The Second Symphony of Jean Sibelius is nearly ideal music for Zubin Mehta and the New York Philharmonic, which opened a two-night stand last night at Wolf Trap. It is full of color and contrasts, and it calls for a lot of muscle, which this orchestra has in abundance. Its structure is relatively simple. The performers need a strong sense of climax and the forethought to hold something in reserve so that the final, triumphant fanfare can resolve itself into a chorale fragment with a release of energy more powerful than anything that has gone before.
Mehta met all these requirements, with excellent playing from his whole orchestra and particularly strong work by the brass and timpani. This was by far the most impressive music on a program that opened with William Schuman's "American Festival" Overture and continued with Mozart's Clarinet Concerto.
Stanley Drucker, the orchestra's principal clarinetist and one of the world's leading players of that instrument, was the soloist in the Mozart, a work that presented no technical problems to him at all, though his performance glossed over some issues of text and style that have recently occupied specialists in 18th-century music. Such concerns were not, perhaps, relevant to a performance that was essentially in the mainstream Mozart style of major modern orchestras -- a thoroughly enjoyable kind of musicmaking, whatever musicologists may say. Drucker's playing had a fine lyricism with fluent, well-rounded tone and perfect control of the instrument and the music. The orchestral accompaniment (that's what it was; not quite a dialogue) had the virtue of never getting in the soloist's way, but could have been lighter and crisper.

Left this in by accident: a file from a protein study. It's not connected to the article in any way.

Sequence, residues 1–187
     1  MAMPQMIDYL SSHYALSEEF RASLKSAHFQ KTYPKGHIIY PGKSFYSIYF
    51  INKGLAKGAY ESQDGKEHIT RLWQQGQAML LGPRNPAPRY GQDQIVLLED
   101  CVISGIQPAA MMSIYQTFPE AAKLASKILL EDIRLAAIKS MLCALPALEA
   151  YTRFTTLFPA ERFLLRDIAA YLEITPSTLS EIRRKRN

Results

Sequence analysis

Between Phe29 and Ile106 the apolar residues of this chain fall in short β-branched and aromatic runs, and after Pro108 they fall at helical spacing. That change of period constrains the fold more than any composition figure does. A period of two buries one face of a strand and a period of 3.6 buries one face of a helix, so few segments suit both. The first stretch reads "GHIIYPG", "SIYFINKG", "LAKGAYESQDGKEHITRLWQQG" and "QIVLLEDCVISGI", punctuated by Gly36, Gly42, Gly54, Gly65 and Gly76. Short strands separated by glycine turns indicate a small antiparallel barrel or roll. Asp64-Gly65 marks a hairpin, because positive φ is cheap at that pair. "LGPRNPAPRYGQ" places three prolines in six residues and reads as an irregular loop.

Schuman recently celebrated his 80th birthday, and we may expect to hear his 50-year-old "American Festival" Overture more than once in the season ahead; it is bright, energetic music and (considering the cost of rehearsal time) a relatively inexpensive way to celebrate the life and work of an extraordinary composer, educator and administrator. In this anniversary year, we should hear more of his work -- some of the symphonies, perhaps, or the operatic "Casey at the Bat." Meanwhile, the Philharmonic's performance caught nicely the color of the overture, though it could have conveyed a stronger sense of sequential logic.